I am Tom Freeland, a lawyer in Oxford, Mississippi. The picture in the header is my law office. I'm on Twitter as NMissC

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Justice Scalia’s “looming specter of inutterable horror”– his dissent in Arizona v. United States

As a sovereign, Arizona has the inherent power to exclude persons from its territory

-Justice Scalia’s dissent in Arizona v. United States

Justice Scalia’s dissent in the Arizona illegal alien law case harkens back to a simpler time in America, when local governments were left alone to decide who could and could not come there.

He brings to mind a time when a town like Siloam Springs, Arkansas was free to ban blacks from its city limits, like many other “sundown towns” across America.

The sovereign may forbid the entrance of his territory either to foreigners in general, or in particular cases, or to certain persons… according as he may think it advantageous to the state.

-Scalia again, quoting a 1758 treatise.  Notice that nice use of “he” to denominate the sovereign, a little touch I’m sure Justice Scalia found endearing.

A time when everyone recognized that only the propertied or well-to-do were entitled to the privileges of citizenship.

The Articles of Confederation had provided that “the free inhabitants of each of these States, paupers, vagabonds and fugitives from justice excepted, shall be entitled to all privileges and immunities of free citizens in the several States.”

-Scalia again, quoting the Articles of Confederation, and reminding those among us with a somewhat more liberal bent why we are relieved to be rid of them.

When the State of California was free to set up a “bum blockade” to keep out undesirables, a term that meant people from Oklahoma, Arkansas and Texas.

Notwithstanding “[t]he myth of an era of unrestricted immigration” in the first 100 years of the Republic, the States enacted numerous laws restricting the immigra- tion of certain classes of aliens, including convicted criminals, indigents, persons with contagious diseases, and (in Southern States) freed blacks. Neuman, The Lost Century of American Immigration (1776–1875), 93 Colum. L. Rev. 1833, 1835, 1841–1880 (1993).

-More from that Scalia dissent.

When the national government would enact legislation titled  “An Act to prohibit the ‘Coolie Trade’ by American Citizens in American Vessels,” designed to ban Chinese immigration (Congress’s first attempt at, to borrow a phrase, immigration reform)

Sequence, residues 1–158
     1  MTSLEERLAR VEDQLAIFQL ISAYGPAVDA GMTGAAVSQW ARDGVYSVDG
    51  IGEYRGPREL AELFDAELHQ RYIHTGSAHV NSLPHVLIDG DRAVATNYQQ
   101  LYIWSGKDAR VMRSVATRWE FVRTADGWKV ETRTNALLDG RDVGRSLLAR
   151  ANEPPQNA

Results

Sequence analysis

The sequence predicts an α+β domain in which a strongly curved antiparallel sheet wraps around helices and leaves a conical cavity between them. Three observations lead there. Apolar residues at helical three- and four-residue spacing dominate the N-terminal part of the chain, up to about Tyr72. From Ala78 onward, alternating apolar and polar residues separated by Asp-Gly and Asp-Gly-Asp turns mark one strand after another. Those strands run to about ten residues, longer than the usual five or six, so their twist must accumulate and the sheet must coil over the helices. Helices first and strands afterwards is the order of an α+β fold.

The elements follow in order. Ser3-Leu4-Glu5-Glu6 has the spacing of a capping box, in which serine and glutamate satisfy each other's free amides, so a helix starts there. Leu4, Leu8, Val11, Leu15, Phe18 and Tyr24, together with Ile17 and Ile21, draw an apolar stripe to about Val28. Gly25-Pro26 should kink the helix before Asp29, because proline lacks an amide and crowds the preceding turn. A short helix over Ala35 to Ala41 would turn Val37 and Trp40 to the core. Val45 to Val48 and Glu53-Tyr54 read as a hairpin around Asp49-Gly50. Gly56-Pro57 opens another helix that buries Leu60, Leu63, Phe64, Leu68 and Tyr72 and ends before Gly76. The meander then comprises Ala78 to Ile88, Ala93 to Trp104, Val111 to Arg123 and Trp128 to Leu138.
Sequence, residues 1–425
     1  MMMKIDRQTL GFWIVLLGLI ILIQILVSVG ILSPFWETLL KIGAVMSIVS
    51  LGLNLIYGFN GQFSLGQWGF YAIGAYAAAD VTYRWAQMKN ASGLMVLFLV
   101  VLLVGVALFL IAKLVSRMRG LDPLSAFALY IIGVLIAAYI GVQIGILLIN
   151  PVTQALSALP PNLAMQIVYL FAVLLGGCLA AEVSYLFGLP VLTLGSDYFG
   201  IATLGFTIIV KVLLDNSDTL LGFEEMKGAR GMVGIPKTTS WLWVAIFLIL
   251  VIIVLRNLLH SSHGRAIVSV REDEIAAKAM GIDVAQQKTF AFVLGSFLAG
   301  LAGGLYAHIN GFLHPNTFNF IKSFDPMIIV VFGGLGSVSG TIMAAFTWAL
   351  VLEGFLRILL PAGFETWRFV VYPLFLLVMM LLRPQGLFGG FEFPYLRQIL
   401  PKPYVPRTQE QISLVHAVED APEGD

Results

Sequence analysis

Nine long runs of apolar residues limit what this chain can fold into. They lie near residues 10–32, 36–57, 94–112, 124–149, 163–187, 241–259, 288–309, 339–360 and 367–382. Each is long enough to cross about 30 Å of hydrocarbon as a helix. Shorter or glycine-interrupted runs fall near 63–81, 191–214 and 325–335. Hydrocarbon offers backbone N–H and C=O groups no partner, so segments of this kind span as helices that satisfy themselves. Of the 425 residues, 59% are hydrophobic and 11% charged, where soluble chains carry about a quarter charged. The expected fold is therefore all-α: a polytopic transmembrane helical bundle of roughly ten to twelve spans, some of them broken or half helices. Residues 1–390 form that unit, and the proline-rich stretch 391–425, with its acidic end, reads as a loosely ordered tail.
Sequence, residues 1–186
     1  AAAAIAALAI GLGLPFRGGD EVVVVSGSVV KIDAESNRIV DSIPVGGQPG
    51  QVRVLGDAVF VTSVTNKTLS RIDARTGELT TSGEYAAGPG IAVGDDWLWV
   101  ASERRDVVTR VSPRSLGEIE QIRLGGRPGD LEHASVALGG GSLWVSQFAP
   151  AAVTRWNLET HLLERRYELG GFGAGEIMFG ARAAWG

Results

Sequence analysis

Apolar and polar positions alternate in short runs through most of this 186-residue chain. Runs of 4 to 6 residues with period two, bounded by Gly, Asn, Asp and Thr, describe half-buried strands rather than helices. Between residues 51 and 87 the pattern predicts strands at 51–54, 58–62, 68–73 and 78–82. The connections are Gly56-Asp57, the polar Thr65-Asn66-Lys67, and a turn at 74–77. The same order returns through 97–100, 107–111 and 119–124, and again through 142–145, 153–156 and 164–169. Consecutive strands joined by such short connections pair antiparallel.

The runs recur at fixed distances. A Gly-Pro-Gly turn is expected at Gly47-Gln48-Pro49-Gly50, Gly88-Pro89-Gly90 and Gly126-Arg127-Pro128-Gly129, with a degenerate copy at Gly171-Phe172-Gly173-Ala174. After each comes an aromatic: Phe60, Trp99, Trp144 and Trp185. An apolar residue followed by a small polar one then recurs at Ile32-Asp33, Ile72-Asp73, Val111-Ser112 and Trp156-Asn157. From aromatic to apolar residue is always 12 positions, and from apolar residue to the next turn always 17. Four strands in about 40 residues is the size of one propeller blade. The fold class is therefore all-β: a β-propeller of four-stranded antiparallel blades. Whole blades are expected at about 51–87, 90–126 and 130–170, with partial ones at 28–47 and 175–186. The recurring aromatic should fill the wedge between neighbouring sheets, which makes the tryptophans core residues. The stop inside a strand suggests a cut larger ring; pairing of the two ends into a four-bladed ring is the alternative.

As this Court has said, it is an “ ‘accepted maxim of international law, that every sovereign nation has the power, as inherent in sovereignty, and essential to self-preservation, to forbid the entrance of foreigners within its dominions.’ ” Fong Yue Ting v. United States, 149 U. S. 698705(1893) (quoting Ekiu v. United States, 142 U. S. 651659 (1892) ).

-Scalia, quoting with apparent approval a case upholding the “Coolie Trade” act as to two Chinese immigrants, and another case involving a Japanese immigrant.

Justice Scalia does note that all good things have not been lost with the passage of time.

([Unlike America,] some countries, for example, have recently discovered the death penalty to be barbaric)

-Yes, seriously, Scalia writes this in the opinion, and makes clear his disgust for “some countries.”

One reading his dissent comes away with the sense that the author looked back with sadness and even anger at the loss of a time when states were free to exclude lowlifes, blacks, and Okies, and when the sovereign was not thought of as some general demos but was denominated as “he.”

It is worth noting that, when this opinion came down, Justice Scalia was not the only one having that kind of a day.

Is it true that our society is inexorably evolving in the direction of greater and greater decency? Who says so, and how did this particular philosophy of history find its way into our fundamental law?

-from Justice Alito’s dissent in Miller v. Alabama.

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